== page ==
One could go on and on forever talking about anything, but I'll just touch on it here.

Tuesday, December 17, 2013

Paying for Your Imagination

A punch of the air with my feet and palms propels me fifty feet above the children's heads. They stare up at me, whistle admiration, and ask to learn how to do as I do. 

The latest flying dream. Memory tells me that I fly in my dreams at least once or twice a year. Perhaps I flew more often in my childhood. Perhaps that's because I also flew in the daytime then. 

I'm not convinced that adults, in general, lose their imaginations; they put them on a type of layaway. They promise themselves that when they save up enough time, then they will get back to creativity and play. But time is spent doing the necessary grown-up occupations that, if ignored, would cause a lot of trouble. Soon, adults are in the red and imagination gets dusty on the shelf. Or, worse, it gets put out on the rack for someone else to buy. Sad truth is, few people buy it. 

Secret Santas get recognized in the news every Christmas season because they pay for strangers' items that are on layaway. If I had a million dollars—or half a billion if I chose the winning number for tonight's Mega Million jackpot draw—I would go buy all the imagination that is on layaway. Then I would give it back to every sad-faced, weary, dreary, overworked, stressed, depressed, bored grown up out there. Maybe then they would smile more, laugh more, play more. Maybe then they would create and share and give such as never before.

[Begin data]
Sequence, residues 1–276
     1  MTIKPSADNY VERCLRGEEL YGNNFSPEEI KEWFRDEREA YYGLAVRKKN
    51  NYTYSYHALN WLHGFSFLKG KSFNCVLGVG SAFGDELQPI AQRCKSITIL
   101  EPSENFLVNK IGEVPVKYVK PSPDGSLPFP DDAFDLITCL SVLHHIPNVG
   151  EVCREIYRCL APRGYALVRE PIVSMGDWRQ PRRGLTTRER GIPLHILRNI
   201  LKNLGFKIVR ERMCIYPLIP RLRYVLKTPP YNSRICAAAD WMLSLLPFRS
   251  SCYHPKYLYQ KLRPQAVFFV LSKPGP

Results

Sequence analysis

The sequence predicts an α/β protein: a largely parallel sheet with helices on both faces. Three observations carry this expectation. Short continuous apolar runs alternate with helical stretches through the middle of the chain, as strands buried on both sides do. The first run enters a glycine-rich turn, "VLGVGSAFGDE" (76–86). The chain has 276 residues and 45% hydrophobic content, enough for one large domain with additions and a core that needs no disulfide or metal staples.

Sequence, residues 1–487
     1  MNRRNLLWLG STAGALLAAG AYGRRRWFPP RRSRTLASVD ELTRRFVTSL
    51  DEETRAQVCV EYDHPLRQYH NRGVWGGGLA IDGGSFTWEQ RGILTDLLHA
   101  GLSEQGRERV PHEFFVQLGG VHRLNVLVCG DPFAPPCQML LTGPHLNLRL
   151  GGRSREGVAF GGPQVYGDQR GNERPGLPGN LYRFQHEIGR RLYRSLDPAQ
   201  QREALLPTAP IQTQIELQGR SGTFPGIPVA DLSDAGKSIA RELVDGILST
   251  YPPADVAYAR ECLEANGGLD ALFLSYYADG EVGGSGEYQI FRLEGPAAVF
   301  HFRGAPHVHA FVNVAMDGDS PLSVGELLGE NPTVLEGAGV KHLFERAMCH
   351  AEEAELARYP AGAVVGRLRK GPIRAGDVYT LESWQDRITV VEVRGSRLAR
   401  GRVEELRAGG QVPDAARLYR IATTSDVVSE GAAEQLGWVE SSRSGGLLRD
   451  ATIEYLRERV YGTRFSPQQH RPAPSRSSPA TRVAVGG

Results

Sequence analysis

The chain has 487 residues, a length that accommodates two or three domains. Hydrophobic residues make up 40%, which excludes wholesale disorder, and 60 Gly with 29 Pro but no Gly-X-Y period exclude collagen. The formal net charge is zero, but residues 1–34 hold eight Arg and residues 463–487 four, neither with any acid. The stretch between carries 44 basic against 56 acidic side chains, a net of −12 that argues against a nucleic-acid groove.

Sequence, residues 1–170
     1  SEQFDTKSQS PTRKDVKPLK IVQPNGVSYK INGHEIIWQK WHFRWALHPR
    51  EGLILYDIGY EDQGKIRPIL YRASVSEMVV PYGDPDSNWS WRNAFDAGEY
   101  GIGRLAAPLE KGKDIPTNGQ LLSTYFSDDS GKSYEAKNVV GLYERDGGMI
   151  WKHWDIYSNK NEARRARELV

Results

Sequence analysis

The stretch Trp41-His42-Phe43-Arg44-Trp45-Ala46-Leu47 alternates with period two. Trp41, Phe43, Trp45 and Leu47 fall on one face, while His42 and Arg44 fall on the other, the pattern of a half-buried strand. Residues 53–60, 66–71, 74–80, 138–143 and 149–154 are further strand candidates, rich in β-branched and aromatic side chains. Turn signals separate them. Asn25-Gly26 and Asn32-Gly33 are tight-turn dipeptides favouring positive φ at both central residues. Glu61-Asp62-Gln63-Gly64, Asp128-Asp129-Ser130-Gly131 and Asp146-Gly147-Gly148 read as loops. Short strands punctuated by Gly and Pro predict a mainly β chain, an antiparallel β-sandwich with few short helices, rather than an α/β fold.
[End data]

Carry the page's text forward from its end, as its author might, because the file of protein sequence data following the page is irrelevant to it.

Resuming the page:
I suppose I should do what I am able to—since I have not the wealth of Bill Gates—and rescue my own imagination, support my husband's, and feed my son's. I should fly while the cage door is open instead of locking it shut. 

Friday, December 6, 2013

Conscious Stream of Thoughts by Unconscious Zombie Mother

A buzzing. Thoughts of Pooh and bees. No. Must open eyes. Must move. Can't. Must cover the baby. What? Who? Coming up the stairs. No, my husband left for work. Did he lock the door? Oh the neck twinges. Once, I had a pillow under my head. Sweaty baby fingers find my hair and pull a little. Sniff. Sniff. Suck. Suck. Then the fog consumes. Where? How? Swishing sound like a winter coat on a moving body. Wait. No one's there. He's crying. Still asleep. I have to finish the laundry, clean the toilet. Paris? I can take a train to Paris? But should I go tonight? Alone? Seriously. Now my nose has trouble breathing, too. Not fair; he took NyQuil! Wow, baby feet are so cold! I must warm them up. You just ate. Now too hot. Sleep. Sleep again. Shhh, shhh, shhh. Someone's at the door; I'm sure of it! Still in my pajamas. But it's dark, dark, dark inside and out. We don't have a dog. Why is the dog barking? Or is the baby crying? No. He's asleep again. What is that sound? All I had to eat was hot chocolate and graham crackers. Of course I'll get sick too. Is it Friday or Tuesday? This sweater. This sweater hasn't seen the washing machine in days. Something crusty on the shoulder. Just five more minutes and then I will get to that list. Still that buzzing. . . .

"Tah, tah, tah."

Hello, sweet one! Yes, that's my nose. OK. OK. We can do this.